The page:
When Sentencing Policy Leads to Mass Incarceration in Wisconsin

Jan 25, 2017

Credit University of Wisconsin Press

Crime and punishment. It’s not just a Dostoevsky novel, it’s also a very real issue that unfolds in courts around Wisconsin.  

When a defendant is convicted of a crime, he or she goes in front of a judge to be sentenced. But the story doesn’t begin and end there. Beyond the judges, there are many actors affecting what happens to that defendant before, during and after sentencing, from legislators and electors to parole boards and corrections departments.

Professor Michael O’Hear teaches criminal law and related topics at Marquette University Law School. He’s always been interested in sentencing, but his interest in Wisconsin’s policy was piqued when he moved to Milwaukee in 2000, right during the state’s implementation of truth in sentencing, a massive paradigm shift in Wisconsin.

Professor Michael O'Hear
Credit Marquette Law School

His interest and research has culminated in a book: Wisconsin Sentencing in the Tough on Crime Era: How Judges Retained Power and Why Mass Incarceration Happened Anyway.

O'Hear says the mass incarceration trend in Wisconsin started around 1974, when the prison population increased from what had previously been a stable 2,500 total prisoners throughout the '60s and early '70s.

"Every year after that, for 30 years, the prison population increased," he says. "Finally the population peaked in the mid 2000s, and for the past dozen years or so, it's been pretty stable, moving between 22,000 and 23,000 prisoners."

In the '70s, '80s and '90s, defendants would be sentenced to a length in prison and a parole board would be in charge of releasing the inmate from the sentence.  In theory, the parole board could release an inmate after six months of incarceration, but in practice, he notes, "the parole board would pretty often release offenders somewhere around the 50-60% mark of the sentence, and normally they'd have to be released by the two-thirds mark at the latest."

"There was a big political backlash against parole in the state in the 1990s, which led to the imposition of the truth in sentencing law," says O'Hear. That law, he explains, took away the possibility of parole and of having a parole board determine when an offender can be released.

Under truth in sentencing, the judge decides both the amount of initial imprisonment and the amount of supervision in the community that an offender must serve, with limited access to early release programs, which is also under the discretion of the judge.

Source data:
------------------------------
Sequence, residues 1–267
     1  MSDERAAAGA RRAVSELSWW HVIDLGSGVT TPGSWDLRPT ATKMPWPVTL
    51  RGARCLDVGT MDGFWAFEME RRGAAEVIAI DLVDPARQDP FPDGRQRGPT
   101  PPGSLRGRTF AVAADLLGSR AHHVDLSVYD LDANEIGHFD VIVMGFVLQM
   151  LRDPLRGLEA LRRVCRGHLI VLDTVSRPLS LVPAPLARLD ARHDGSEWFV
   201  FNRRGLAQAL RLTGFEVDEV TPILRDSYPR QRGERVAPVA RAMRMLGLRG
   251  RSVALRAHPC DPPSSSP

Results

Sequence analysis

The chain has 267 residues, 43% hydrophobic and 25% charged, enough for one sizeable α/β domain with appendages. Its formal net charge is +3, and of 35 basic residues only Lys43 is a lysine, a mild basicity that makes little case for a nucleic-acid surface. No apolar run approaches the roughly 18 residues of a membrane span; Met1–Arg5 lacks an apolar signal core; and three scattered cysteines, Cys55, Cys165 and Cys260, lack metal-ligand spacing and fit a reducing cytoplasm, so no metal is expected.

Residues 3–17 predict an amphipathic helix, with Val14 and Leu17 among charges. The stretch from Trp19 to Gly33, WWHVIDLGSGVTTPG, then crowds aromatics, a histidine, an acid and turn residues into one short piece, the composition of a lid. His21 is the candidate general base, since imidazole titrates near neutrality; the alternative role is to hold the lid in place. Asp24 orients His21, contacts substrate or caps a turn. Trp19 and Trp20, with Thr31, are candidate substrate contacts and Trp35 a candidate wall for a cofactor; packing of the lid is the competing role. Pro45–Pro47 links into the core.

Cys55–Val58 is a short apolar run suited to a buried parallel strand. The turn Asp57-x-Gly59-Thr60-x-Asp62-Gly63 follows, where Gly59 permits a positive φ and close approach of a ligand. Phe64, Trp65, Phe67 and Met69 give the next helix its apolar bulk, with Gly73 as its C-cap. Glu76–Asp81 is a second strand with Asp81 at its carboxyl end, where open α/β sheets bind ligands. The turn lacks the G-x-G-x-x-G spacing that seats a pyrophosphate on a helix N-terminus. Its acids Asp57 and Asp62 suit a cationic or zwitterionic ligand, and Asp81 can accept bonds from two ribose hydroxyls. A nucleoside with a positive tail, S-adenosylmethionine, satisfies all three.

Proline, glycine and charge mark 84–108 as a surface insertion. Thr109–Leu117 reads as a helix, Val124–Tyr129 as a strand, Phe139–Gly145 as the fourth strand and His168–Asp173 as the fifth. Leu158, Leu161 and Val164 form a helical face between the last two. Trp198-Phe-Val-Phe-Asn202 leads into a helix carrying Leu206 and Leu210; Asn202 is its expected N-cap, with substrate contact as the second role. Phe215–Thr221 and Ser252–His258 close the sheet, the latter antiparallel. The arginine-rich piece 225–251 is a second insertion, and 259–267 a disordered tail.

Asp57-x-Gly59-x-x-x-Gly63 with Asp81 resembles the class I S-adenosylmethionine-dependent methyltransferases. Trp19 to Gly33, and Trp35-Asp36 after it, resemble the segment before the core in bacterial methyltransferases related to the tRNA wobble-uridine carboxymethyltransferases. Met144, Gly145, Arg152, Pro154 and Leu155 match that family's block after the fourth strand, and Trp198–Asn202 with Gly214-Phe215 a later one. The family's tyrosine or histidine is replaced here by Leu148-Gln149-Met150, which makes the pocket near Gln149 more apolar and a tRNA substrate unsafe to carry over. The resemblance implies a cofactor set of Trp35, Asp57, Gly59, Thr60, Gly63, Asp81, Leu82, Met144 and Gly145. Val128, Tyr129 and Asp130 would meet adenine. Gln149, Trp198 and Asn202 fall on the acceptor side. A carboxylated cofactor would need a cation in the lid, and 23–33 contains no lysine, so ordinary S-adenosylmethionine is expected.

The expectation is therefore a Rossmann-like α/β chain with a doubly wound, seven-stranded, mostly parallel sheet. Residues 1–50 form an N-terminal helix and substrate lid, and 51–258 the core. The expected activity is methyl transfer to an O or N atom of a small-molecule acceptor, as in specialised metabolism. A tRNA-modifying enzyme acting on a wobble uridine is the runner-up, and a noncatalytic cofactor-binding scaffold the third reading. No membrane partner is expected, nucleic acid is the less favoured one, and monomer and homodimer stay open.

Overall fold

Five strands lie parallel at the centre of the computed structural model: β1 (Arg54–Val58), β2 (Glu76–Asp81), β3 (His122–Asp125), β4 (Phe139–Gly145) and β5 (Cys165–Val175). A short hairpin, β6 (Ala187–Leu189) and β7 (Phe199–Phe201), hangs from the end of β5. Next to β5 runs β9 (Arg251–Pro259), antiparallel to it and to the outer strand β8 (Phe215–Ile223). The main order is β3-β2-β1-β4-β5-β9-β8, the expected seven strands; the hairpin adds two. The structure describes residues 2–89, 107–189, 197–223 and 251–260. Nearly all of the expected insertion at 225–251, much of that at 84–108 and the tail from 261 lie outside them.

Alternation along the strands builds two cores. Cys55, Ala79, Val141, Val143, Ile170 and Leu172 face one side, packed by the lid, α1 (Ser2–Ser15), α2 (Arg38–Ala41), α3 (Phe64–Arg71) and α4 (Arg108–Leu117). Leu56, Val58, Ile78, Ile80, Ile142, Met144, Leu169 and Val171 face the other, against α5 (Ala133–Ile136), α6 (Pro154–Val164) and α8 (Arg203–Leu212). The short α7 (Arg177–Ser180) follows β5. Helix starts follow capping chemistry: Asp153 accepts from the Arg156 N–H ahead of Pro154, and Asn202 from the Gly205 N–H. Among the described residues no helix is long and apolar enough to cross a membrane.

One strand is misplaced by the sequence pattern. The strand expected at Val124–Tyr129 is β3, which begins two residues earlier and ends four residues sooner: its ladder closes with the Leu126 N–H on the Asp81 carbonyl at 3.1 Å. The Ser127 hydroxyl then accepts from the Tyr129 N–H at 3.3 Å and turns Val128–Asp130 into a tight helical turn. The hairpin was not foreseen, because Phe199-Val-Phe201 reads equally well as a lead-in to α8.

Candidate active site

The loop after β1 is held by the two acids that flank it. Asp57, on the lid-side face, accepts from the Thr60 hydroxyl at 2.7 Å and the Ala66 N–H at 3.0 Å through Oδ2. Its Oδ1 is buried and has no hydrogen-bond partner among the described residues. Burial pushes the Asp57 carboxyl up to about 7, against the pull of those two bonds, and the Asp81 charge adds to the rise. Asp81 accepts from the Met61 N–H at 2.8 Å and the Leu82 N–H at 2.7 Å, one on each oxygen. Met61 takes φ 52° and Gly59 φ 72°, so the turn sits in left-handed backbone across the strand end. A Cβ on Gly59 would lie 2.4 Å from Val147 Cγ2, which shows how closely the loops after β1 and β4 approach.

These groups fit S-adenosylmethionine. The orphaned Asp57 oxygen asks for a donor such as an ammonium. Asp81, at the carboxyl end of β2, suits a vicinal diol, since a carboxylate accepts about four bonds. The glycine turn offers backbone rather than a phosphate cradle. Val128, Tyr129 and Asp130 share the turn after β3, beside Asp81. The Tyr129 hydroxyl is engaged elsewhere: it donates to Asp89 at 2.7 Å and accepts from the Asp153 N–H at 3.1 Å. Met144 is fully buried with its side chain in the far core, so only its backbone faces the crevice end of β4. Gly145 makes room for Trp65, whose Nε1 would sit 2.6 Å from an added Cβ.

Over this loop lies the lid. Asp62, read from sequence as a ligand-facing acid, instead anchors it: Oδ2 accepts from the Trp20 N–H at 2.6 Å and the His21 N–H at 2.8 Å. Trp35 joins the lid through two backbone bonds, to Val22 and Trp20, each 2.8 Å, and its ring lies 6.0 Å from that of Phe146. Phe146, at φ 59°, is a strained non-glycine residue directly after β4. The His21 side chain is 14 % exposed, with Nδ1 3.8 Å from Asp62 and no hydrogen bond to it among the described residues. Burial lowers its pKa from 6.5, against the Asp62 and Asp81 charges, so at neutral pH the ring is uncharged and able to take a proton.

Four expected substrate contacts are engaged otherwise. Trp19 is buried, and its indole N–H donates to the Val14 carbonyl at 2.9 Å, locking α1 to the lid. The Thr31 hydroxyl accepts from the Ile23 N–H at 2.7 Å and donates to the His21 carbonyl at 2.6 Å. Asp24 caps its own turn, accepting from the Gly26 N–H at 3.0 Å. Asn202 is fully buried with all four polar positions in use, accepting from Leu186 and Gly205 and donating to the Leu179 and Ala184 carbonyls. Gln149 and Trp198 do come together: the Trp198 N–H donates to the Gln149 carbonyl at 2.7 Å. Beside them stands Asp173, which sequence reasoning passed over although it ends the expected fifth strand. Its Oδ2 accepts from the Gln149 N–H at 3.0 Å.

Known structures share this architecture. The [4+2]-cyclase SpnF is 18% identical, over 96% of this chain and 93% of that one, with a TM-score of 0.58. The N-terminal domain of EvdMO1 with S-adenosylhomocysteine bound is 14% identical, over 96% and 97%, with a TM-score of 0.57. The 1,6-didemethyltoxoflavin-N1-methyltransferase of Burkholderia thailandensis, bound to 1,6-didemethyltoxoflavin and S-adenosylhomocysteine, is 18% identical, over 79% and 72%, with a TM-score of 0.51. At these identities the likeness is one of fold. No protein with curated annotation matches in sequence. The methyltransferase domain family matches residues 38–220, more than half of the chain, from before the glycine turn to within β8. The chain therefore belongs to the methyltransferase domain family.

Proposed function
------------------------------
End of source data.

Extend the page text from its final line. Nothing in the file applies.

As O'Hear writes in his book  the average initial confinement for all offenders went from 31 months to 40 months from 2000-2007, and the average supervision portion of the sentence crept up from 23 to 54 months in those same years. 

"That matters an awful lot because...many of those people will get [their supervision] revoked. The longer their period of extended supervision is, the more likely it is they'll be revoked," he explains. "So that increase in post-prison supervision is feeding into our prison populations in significant ways through the back door."

To put it bluntly, "in recent years, most of the people going into our prisons have been sent because of revocations, not because of the commission of a new crime or the imposition of a new sentence," he details.

While O'Hear acknowledges that prison is appropriate for serious violent crimes like homicide, rape and robbery, he says there are two issues to focus on: less serious crimes and length of sentence. "We might all agree that for these more serious offenses imprisonment is appropriate, but for how long?" he asks. "Is it really appropriate to send people away for 20, 30, 40 years?"

One argument against such a high rate of incarceration, O'Hear notes, is its cost. As of recently, the State of Wisconsin spends more money on its prison system than the entire UW system, he says.

O'Hear also says, "The research shows that from a deterrence standpoint, what matters more is the certainty of punishment, not the severity of punishment. From that, you might infer that we would do better spending money on police departments...rather than pouring that money into extremely lengthy prison terms in the corrections department."

"The economics argument [for decarceration] is important...but it only gets us so far, if the image that we have of offenders is of people who are invariably dangerous, depraved, animalistic sorts of beings," he says.

"I've spent some time in prisons," O'Hear says. "Not everybody in prison is like that. There are a lot of pretty decent and surprisingly normal human beings in prison. If we as a society can better appreciate the humanity of people who commit crimes, then that opens up more potential for these kinds of economic arguments...if [the economic arguments] are grounded in a sense that the lives of people in prison are worth something."